During the late '70s and early '80s, the rainbow flag became the ultimate symbol for LGBT rights. The iconic piece was created in 1978 by Gilbert Baker, an artist and activist from San Francisco by way of Kansas. It was also during this time that Baker began sewing anti-war and pro-gay protest banners for Harvey Milk, who would go on to become the first openly gay man elected to office in California. Last night, Baker reportedly passed away in his sleep at the age of 66.
“My dearest friend in the world is gone,” Cleve Jones, an activist and writer, stated in a post on Facebook and Twitter. “Gilbert gave the world the Rainbow Flag; he gave me forty years of love and friendship. I can’t stop crying. I love you forever Gilbert Baker.”
Ina 2015 conversation with Michelle Millar Fisher of the Museum of Modern Art (MoMA), Baker commented on how the flag served a different purpose than any other art form. "It’s not a painting, it’s not just cloth, it is not a just logo—it functions in so many different ways. I thought that we needed that kind of symbol, that we needed as a people something that everyone instantly understands," he said. "[The Rainbow Flag] doesn’t say the word 'gay,' and it doesn’t say 'the United States' on the American flag but everyone knows visually what they mean. And that influence really came to me when I decided that we should have a flag, that a flag fit us as a symbol, that we are a people, a tribe if you will. And flags are about proclaiming power, so it’s very appropriate."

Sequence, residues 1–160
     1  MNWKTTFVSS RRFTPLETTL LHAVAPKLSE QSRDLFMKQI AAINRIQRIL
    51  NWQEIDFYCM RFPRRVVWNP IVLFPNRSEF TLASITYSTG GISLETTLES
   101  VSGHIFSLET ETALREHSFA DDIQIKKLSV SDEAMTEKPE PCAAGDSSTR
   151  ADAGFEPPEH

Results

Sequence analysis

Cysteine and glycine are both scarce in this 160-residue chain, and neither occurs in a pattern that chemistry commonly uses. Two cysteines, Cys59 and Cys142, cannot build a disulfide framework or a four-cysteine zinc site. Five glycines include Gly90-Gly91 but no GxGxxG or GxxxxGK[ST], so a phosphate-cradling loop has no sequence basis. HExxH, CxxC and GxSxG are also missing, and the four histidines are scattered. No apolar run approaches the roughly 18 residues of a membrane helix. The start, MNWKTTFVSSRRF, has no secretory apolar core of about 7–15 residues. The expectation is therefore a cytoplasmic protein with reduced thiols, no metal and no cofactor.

Though his presence will be greatly missed, his legacy will live on. If you want to pay your respects, Baker's Rainbow Flag is exclusively on sale at the MoMA. We salute him and his efforts for solidarity forever.